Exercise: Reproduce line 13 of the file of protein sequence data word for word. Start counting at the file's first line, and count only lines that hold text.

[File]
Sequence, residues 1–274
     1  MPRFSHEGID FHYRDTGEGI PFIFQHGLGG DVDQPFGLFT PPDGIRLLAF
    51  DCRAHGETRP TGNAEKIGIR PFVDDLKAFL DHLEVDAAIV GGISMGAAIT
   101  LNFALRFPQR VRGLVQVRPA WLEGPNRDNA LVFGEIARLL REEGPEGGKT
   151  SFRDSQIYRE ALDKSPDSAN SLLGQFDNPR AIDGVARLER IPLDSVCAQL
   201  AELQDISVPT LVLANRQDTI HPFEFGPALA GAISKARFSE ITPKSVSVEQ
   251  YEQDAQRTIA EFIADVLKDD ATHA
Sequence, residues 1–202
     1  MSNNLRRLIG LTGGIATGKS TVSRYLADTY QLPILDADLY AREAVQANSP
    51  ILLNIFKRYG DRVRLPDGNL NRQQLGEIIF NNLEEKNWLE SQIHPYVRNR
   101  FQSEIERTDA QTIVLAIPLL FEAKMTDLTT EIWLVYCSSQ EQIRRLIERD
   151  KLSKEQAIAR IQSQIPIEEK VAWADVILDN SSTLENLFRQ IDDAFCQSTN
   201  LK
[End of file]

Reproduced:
   201  LK